Nobody can think about their own death. The Britpop artist Damien Hirst’s most famous artwork consists of the preserved body of great white shark in a huge cube. It’s called “The Physical Impossibility of Death in the Mind of Someone Living“ and it’s a great metaphor – this terrifying, remorseless thing that you cannot escape when it has you in its sights.
Actually thinking about our own deaths doesn’t have to be terrifying, as the new website from the campaigning organisation, Compassion in Dying makes clear.
Their aim is to help people to make informed choices about the end of their lives; to start honest conversations about death and dying with their loved ones, and – importantly – to be able to record and revisit their wishes whenever they want, without charge.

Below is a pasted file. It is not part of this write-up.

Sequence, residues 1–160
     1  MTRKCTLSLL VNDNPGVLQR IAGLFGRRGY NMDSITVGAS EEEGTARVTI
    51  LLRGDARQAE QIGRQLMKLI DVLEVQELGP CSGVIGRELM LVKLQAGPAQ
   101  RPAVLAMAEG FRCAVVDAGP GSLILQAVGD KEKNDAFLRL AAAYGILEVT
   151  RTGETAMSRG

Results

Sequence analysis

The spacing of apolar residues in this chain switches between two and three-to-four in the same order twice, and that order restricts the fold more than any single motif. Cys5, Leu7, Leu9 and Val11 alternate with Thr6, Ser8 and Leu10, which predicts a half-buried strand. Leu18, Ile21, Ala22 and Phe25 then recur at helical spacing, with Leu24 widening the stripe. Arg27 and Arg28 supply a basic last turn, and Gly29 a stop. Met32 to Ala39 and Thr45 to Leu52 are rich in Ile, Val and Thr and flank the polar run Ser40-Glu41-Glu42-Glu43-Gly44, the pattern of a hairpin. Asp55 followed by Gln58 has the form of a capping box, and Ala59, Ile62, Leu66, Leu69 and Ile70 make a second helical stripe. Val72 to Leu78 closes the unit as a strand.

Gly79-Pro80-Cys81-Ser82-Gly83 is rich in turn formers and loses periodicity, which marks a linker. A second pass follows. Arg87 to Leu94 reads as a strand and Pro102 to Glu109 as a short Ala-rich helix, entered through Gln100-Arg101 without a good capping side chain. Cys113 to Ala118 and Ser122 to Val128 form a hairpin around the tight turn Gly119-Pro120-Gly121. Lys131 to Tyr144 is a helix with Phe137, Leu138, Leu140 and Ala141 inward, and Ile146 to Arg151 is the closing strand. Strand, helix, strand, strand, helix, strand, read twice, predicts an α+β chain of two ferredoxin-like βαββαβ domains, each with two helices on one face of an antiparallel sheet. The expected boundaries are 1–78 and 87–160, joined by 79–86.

Compassion in Dying has a sister organisation, Dignity in Dying, and their joint aim is to improve dying in the UK by putting people in charge of decisions about the end of their life.
Like them, I believe a good life should include a good death. In a place you choose, with the people who matter. Having the care and treatments you want, and not the ones you don’t.
We need to do more than just talk about death, though. We have to take practical steps to make sure the people we love know what we want when the time comes. It’s hard to believe that only 16% of people with a terminal or advanced illness have had a conversation with their doctor about what might happen as their condition progresses, particularly at the end of life, but that’s what YouGov found in survey they conducted in 2019.
If you have the courage to contemplate your own mortality, take a moment to visit the Compassion in Dying website. I think you’ll find it both reassuring and helpful.
The image comes from an article by Shira Wolfe in the magazine Artland, which is well worth a read too…